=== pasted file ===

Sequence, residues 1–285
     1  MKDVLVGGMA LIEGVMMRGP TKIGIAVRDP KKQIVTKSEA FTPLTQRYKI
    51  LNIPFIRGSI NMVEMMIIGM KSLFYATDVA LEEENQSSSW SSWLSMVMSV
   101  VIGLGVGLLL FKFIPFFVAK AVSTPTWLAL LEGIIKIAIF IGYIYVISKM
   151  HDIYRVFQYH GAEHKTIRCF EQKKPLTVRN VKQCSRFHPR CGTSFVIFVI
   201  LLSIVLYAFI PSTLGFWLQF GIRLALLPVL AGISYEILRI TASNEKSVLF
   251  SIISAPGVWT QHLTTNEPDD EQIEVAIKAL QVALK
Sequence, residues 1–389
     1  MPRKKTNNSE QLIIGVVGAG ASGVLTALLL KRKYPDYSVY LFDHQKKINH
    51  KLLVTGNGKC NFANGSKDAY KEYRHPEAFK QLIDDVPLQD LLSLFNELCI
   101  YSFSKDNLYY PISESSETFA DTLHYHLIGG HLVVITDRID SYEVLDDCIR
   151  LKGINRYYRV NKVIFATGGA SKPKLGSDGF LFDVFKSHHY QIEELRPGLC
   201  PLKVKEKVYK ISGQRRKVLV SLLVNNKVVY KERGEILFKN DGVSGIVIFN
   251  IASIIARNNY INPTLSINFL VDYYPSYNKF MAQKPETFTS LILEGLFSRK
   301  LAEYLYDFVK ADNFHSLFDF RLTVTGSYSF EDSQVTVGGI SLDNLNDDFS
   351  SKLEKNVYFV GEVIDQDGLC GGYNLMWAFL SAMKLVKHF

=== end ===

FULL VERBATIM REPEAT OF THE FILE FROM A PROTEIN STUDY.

Sequence, residues 1–285
     1  MKDVLVGGMA LIEGVMMRGP TKIGIAVRDP KKQIVTKSEA FTPLTQRYKI
    51  LNIPFIRGSI NMVEMMIIGM KSLFYATDVA LEEENQSSSW SSWLSMVMSV
   101  VIGLGVGLLL FKFIPFFVAK AVSTPTWLAL LEGIIKIAIF IGYIYVISKM
   151  HDIYRVFQYH GAEHKTIRCF EQKKPLTVRN VKQCSRFHPR CGTSFVIFVI
   201  LLSIVLYAFI PSTLGFWLQF GIRLALLPVL AGISYEILRI TASNEKSVLF
   251  SIISAPGVWT QHLTTNEPDD EQIEVAIKAL QVALK
Sequence, residues 1–389
     1  MPRKKTNNSE QLIIGVVGAG ASGVLTALLL KRKYPDYSVY LFDHQKKINH
    51  KLLVTGNGKC NFANGSKDAY KEYRHPEAFK QLIDDVPLQD LLSLFNELCI
   101  YSFSKDNLYY PISESSETFA DTLHYHLIGG HLVVITDRID SYEVLDDCIR
   151  LKGINRYYRV NKVIFATGGA SKPKLGSDGF LFDVFKSHHY QIEELRPGLC
   201  PLKVKEKVYK ISGQRRKVLV SLLVNNKVVY KERGEILFKN DGVSGIVIFN
   251  IASIIARNNY INPTLSINFL VDYYPSYNKF MAQKPETFTS LILEGLFSRK
   301  LAEYLYDFVK ADNFHSLFDF RLTVTGSYSF EDSQVTVGGI SLDNLNDDFS
   351  SKLEKNVYFV GEVIDQDGLC GGYNLMWAFL SAMKLVKHF